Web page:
Celebrate National History Month!

31 01 2011

Today officially kicks off National History Month and there is a lot to celebrate! A few generations back, in 1930, my family could provide for 10 people (according to Crop Life Ambassador Network) and today my dad could feed 130 people (I’m not sure how many cows that equals). However, this month is not just about celebrating where we are today but celebrating where we come from.

I come from Benjaminville, Illinois-founded by my great-great-great grandfather John R. Benjamin. While Benjaminville, known today as Bentown, is an important part of my family’s history-it does not define our history.

My family’s history is defined by their beliefs. Benjaminville was founded as a Quaker Community. Quakers do not believe in war. They also believe in equality for different races and women, even at a time when this was a rarity. Therefore, black people lived in Bentown because they knew they would be treated well. Women were respected leaders within the Quaker church. These are important values that my family has preserved to pass down to me.

My family’s history is defined by kindness. A poor gypsy family buried their son on our land because they could not afford a burial plot at the cemetery. My great-grandfather would adopt an orphan boy from the community. My grandmother would call a widower across the way each morning to keep him company and have him over for Sunday dinner each week.

Ingenuity is also an important part of my agrarian heritage. John R. Benjamin, the founder of Benjaminville-regardless of what Wikipedia says, once got lost coming home in the sea of prairie grass (or perhaps it was just dark). He found his way home by following the familiar bark of his dog and later would plow a “road” to Bloomington, Ill. so that it wouldn’t happen again…. as family legend goes t this was essentially the Oakland Ave. Bloomington knows and loves today. Also, my grandfather was an early adapter of terraces and contour plowing. My dad can remember the USDA hosting a tour from Washington DC to see his farming practices.

And yes, my family even has small claims to fame: John R. hired a German immigrant to work for him and in return gave him a tract of land. One day this land would be farmed by his nephew-George J. Mecherle, founder of State Farm. John R’s brother, Rubin, was given his bar exam (to practice law in Illinois after the family relocated) by none other than Abraham Lincoln! The local history museum states that Rubin Benjamin was instrumental to antitrust legislation that limited the power of railroads. Bentown also was home to a semi-pro baseball player at one time.

This list is just a small cross section of the values and stories that make me proud of my family’s agrarian history. I also posted some of the pictures of the last two generations of Benjaminville. I hope to post other pictures throughout the month as well.

This is a picture of my dad, George Benjamin, in front of our old combine. It might not be the newest or shiniest but it gets the job done and there is something to be said for that. There is also something to be said for worn out blue jeans and dirty shirts that represent a hard days work.

This is our tractor, in the back you can see some of our outbuildings on the original farm. We call the red building pictured the shop building. My brother and I used to explore it to see what family treasures we could find, including an old fashioned horse drawn sleigh!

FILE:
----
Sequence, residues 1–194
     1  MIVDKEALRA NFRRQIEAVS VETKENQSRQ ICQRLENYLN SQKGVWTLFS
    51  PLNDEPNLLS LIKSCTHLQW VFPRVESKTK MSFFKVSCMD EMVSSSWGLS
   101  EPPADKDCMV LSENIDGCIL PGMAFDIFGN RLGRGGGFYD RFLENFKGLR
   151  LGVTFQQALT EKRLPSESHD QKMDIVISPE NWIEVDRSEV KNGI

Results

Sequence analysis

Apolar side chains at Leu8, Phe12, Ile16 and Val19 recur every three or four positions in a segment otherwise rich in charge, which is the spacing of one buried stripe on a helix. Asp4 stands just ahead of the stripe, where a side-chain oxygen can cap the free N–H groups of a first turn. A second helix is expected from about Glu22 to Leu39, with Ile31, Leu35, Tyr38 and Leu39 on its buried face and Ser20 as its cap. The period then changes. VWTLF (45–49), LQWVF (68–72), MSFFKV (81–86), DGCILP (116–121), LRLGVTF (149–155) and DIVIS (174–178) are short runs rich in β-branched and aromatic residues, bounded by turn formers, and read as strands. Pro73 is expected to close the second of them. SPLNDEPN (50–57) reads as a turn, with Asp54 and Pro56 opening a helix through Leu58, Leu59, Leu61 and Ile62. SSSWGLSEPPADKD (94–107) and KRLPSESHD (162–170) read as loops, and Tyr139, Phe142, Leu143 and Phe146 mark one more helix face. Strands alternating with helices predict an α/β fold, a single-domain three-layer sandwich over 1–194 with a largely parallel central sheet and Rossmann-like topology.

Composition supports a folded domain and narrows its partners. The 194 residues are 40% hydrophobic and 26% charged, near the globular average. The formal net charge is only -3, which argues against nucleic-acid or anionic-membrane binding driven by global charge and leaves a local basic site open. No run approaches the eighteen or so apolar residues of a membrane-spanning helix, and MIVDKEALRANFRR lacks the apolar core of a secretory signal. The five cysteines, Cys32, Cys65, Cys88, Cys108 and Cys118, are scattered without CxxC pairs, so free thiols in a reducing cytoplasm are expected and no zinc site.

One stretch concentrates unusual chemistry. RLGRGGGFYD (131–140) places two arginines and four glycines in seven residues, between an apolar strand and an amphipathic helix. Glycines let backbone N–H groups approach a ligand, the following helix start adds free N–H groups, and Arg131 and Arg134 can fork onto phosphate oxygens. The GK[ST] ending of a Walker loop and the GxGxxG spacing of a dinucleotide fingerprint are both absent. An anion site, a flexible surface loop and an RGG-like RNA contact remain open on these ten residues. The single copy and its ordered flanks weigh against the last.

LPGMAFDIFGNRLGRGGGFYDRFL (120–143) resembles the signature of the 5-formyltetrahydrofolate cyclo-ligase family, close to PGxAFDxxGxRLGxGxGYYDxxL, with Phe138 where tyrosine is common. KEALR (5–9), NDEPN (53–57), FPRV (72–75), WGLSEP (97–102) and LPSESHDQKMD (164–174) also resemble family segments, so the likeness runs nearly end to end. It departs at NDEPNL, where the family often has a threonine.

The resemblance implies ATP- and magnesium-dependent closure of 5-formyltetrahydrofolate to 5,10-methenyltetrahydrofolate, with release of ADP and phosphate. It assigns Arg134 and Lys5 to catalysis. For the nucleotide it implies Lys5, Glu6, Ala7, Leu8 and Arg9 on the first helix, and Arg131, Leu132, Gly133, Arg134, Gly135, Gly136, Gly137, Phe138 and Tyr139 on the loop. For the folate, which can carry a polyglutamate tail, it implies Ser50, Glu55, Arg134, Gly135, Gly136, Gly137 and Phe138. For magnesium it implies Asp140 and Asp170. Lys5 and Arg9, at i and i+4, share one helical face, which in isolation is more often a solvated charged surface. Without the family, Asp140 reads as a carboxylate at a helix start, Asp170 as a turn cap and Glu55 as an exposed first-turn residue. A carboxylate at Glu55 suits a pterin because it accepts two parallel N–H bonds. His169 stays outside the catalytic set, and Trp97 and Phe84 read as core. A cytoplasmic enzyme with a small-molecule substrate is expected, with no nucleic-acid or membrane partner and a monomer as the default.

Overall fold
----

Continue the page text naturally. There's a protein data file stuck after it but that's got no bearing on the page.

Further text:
Two generations of Benjamin siblings at Napa Valley.


A Once Deadly Ice Cream Topping…

27 01 2011

The almond enjoyed today atop ice cream sundaes and amidst trail mix is a far cry from its bitter, fatal roots. The two billion almond industry (I contribute to the Almond Joy sector) of today is made possible by a genetic variation that made domestication of almonds possible. Before domestication, eating only a few dozen of the nuts would be lethal…

The lethal effect is due to the presence of glucoside amygdalin which becomes deadly prussic acid  if the nut is crushed or chewed. And the by-product of prussic acid…. cyanide! Due to the genetic variation the domesticated almond is sweet, instead of bitter, and lacks the ability to produce to the deadly prussic acid. Who knew almond  trees had such a nasty trick up their sleeves branches! Not only does this glucoside amygdalin protect the almond tree from potential predators (including us!) but it also safely attracts pollinating insects and harms potential predators… does anyone else detect a biotech innovation?

The ideal characteristics of the almond are made possible through a single recessive mutation in a gene that blocks the production of amygdalin. The simplicity of the difference between the two means genetic variation amongst wild and domesticated varieties continues today where a handful of individual trees will produce the opposite type of nut.

Almonds have been around awhile now, some 3200 years bp (in case you haven’t heard of bp that means before present and present = the 1950s when carbon dating came in vogue… I learn something new every day!) according to archaeological finds in Numeria, Jordan that included the remains of almond shells alongside other domesticated foods: wheat, barely, and parched grapes.

Almonds were ideal candidates for domestication because a tree is able to grow from the seed alone even before the invention of grafting practices. It’s funny how I am so far removed from horticultural practices that I never think of that as a problem, like people who are far removed from the farm don’t mind if it doesn’t rain hardly at all in the summer.

By domesticating the wild almond a new food source was established that would one day become a major agricultural product (and sundae topping!) we know and love today.

Women Changing the Face of Agriculture… and vice versa

26 01 2011